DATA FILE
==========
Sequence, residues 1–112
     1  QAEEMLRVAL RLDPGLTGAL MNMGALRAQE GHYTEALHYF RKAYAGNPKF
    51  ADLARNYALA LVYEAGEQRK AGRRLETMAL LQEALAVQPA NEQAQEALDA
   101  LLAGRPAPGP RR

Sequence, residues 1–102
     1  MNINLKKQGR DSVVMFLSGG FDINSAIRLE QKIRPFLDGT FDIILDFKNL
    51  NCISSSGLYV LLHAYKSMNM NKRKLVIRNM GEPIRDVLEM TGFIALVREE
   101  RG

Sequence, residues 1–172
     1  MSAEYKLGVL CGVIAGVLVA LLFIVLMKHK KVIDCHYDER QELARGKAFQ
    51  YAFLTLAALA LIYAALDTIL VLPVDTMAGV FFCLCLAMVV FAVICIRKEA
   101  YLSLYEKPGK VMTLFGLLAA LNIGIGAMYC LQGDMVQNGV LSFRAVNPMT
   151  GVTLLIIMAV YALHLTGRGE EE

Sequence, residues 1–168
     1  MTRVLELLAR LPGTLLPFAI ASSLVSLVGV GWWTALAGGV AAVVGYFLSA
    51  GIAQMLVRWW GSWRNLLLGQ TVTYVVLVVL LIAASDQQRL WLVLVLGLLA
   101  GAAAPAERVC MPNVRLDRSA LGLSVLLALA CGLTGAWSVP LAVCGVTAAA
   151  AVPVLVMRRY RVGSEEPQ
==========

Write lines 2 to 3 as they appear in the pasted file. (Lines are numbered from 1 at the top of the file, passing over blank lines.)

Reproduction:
     1  QAEEMLRVAL RLDPGLTGAL MNMGALRAQE GHYTEALHYF RKAYAGNPKF
    51  ADLARNYALA LVYEAGEQRK AGRRLETMAL LQEALAVQPA NEQAQEALDA